Well, perhaps not directly - but as chairman of the Law School Admission Council's Board of Trustees, Johnson's two-year volunteer position provides an opportunity for him to be a vocal figure at a time in which schools like UCLA (and Pitzer College in Claremont) are questioning the value of traditional standardized tests in general. Johnson recognizes that the LSAT does not necessarily predict a student's success in law school, but he asserts that it nevertheless is a useful, impartial tool. As an African-American himself, Johnson disagrees with any assertion that the LSAT is biased against minorities. In an interview in the Chicago Tribune last fall, Johnson said, "the test is a great equalizer for minorities and others because it is one standardized metric we have to compare people across schools .... People can prove they can compete at the highest competitive level."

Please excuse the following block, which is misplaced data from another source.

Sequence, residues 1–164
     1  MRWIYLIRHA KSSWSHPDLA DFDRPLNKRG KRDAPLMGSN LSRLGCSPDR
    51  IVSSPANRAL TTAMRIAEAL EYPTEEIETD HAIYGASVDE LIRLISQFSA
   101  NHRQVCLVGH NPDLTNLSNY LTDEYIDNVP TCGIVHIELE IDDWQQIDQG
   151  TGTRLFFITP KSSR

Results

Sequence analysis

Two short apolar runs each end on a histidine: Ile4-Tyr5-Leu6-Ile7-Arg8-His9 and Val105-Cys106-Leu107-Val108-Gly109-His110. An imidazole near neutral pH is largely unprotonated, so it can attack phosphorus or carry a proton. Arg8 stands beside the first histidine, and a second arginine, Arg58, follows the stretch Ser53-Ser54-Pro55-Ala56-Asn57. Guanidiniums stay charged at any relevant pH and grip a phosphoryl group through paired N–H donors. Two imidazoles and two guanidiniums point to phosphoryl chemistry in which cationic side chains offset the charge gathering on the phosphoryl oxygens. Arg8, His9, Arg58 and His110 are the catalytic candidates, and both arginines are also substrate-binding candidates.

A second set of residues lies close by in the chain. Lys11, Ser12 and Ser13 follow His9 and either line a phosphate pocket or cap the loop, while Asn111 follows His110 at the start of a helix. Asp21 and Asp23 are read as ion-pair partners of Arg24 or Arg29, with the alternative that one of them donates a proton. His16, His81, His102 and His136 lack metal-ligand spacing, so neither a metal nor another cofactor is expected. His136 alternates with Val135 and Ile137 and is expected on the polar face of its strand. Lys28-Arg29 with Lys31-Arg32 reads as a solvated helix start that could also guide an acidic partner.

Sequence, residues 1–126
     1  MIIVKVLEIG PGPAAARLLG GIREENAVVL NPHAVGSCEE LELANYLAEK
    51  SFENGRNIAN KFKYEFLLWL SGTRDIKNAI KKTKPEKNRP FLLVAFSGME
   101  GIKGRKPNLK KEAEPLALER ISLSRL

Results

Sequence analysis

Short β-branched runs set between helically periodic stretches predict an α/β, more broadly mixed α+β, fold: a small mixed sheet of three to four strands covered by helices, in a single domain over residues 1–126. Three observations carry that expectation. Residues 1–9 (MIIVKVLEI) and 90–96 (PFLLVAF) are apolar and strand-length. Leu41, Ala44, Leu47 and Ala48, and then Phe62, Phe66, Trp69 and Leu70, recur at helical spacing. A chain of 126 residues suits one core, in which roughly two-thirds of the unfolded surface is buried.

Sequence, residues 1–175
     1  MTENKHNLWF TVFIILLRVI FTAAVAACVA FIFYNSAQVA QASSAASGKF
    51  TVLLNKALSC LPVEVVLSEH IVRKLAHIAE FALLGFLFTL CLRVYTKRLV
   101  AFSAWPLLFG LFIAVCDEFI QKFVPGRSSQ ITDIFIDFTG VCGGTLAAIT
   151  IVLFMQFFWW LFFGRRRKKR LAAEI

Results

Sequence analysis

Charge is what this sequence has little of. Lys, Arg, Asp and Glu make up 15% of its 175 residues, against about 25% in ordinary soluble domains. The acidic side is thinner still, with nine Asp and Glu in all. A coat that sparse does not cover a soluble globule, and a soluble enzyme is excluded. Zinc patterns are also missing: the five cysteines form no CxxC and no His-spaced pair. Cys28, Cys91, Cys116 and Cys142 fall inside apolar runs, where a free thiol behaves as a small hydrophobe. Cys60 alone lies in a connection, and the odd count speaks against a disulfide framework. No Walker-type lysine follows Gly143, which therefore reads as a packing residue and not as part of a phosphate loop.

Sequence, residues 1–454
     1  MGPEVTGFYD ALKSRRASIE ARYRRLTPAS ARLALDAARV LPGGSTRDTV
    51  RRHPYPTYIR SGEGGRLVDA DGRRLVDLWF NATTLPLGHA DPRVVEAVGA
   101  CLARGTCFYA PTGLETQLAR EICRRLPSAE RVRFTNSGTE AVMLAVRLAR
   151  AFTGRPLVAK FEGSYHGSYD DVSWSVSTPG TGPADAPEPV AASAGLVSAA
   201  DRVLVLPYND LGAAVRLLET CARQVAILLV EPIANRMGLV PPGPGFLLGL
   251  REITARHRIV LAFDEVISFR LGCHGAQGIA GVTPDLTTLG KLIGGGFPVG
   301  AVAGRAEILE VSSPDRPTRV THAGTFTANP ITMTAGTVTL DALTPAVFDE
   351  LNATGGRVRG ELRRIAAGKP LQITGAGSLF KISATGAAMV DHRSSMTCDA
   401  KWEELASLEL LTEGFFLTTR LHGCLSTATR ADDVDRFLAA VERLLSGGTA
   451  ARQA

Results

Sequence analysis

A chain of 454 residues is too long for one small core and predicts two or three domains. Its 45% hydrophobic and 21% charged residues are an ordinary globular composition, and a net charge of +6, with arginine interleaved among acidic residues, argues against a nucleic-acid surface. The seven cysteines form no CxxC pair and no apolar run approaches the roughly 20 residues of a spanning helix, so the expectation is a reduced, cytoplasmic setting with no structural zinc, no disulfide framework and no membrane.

Johnson himself has continually proven his ability to succeed at the highest level. After graduating from the UCLA School of Law he worked for Latham & Watkins, a prestigious Los Angeles law firm. He eventually moved into teaching, and is currently a Professor at the University of Virginia School of Law. Prior to his national position with the Law School Admissions Council, Johnson served as Vice Provost for faculty recruitment and retention at UVa.
CMC students aspiring to become lawyers have a unique opportunity to meet one of the College's most distinguished alumni.